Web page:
Table 2 Multivariate analysis of significant prognostic factors for survival in gastric cancer patients.
VariableDisease-free survival
Overall survival

P value
HR
95%CI
P value
HR
95%CI
Bormann type0.201.260.90-1.770.131.290.93-1.91
Tumor size0.410.860.59-1.240.400.850.59-1.24
Vessel invasion0.060.700.48-1.010.160.760.53-1.11
Perineural invasion0.240.800.56-1.160.090.730.50-1.05
TNM stage0.00106.5030.76-368.770.0094.0830.14-293.65
Model0.042.271.46-3.990.032.641.74-4.27
Correlations between clinicopathological characteristics and 3-lncRNA combination prediction model

According to the 3-lncRNA combination prediction model and the expression of lncRNAs, we obtained the risk score (risk score = -0.92 × AC007991.4 + 1.18 × AC079385.3 + 1.17 × AL109615.2). Patients were classified as “high risk” and “low risk" according to the cutoff value. The combination was associated with the Bormann type (P = 0, χ2 = 14.29) and TNM stage (P = 0.01, χ2 = 10.85) of GC (Table 3).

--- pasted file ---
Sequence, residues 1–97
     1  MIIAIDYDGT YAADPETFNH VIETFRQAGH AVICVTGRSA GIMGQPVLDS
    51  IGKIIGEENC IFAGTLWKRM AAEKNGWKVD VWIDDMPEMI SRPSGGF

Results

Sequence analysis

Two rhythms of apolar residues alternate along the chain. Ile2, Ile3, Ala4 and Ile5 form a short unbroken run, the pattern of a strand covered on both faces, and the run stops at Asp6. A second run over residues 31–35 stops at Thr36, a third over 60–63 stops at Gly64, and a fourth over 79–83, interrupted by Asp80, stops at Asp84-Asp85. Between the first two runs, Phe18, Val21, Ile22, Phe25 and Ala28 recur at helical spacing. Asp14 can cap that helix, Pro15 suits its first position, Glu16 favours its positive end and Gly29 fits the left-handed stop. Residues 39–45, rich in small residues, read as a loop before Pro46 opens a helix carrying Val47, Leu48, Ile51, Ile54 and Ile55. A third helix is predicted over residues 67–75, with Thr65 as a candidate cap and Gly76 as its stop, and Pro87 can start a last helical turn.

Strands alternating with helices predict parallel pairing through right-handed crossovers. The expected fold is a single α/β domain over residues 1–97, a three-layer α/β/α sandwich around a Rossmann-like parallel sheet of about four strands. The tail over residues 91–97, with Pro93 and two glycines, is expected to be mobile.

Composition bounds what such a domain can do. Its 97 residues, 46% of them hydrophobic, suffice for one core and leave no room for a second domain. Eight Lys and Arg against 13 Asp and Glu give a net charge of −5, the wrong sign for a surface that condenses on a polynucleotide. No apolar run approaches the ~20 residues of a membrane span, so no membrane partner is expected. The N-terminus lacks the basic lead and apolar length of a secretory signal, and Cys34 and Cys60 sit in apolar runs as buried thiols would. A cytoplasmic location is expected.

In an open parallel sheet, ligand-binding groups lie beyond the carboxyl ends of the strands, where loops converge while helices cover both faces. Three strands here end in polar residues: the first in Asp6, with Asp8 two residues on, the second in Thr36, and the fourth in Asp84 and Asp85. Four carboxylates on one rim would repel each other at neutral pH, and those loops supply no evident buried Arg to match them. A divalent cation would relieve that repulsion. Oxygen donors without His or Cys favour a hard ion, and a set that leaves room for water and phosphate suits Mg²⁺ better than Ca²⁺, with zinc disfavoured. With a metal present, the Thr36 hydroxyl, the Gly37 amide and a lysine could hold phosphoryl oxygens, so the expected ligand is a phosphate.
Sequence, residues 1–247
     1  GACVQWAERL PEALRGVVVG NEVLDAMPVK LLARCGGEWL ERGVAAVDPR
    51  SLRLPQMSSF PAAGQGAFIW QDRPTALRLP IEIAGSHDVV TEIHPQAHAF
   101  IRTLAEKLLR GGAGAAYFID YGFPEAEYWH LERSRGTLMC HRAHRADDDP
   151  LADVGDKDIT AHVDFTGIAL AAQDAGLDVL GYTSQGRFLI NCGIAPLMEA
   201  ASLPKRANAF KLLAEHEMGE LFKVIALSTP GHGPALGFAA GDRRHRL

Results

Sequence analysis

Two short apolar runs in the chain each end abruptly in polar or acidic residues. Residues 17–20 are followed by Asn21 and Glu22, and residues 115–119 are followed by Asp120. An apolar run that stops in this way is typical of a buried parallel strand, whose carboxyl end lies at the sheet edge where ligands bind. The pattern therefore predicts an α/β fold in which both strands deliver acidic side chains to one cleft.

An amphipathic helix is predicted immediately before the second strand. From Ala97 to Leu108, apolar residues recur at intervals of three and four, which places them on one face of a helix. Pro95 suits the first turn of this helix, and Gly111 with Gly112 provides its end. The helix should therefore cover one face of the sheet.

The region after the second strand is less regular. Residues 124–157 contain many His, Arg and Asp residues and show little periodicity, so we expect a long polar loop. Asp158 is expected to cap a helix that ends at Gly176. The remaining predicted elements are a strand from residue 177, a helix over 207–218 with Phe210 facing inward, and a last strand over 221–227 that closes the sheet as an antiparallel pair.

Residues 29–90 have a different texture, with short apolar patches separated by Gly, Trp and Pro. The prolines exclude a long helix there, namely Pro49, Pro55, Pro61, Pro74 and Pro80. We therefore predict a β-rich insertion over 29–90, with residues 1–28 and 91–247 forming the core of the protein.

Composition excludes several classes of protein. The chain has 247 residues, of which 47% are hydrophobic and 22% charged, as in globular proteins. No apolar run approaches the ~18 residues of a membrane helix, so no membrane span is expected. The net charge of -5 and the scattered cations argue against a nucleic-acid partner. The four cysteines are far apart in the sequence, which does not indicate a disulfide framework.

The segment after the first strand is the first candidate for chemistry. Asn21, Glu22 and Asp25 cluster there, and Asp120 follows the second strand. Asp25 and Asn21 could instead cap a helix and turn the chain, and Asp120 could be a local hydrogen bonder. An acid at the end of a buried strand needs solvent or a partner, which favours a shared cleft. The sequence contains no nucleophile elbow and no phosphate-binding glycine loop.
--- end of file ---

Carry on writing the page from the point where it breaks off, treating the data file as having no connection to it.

Table 3 Three-long noncoding RNA model and clinicopathologic parameters.
CharacteristicModel
High risk (%)
Low risk (%)
P value
χ2
Age, median, yr0.110.74
≥ 6052 (48.6)55 (51.4)
< 6043 (46.2)50 (53.8)
Gender0.271.23
Male71 (50.0)71 (50.0)
Female24 (41.4)34 (58.6)
Bormann type0.0014.29
I2 (13.3)13 (86.7)
II36 (40.9)52 (59.1)
III56 (59.6)38 (40.4)
IV1 (33.3)2 (66.7)
Tumor size0.063.64
≥ 5 cm48 (55.2)39 (44.8)
< 5 cm47 (41.6)66 (58.4)
Location0.770.52
Upper23 (52.3)21 (47.7)
Middle26 (46.4)30 (53.6)
Low46 (46.0)54 (54.0)
Lauren type0.820.39
Intestinal45 (47.4)50 (52.6)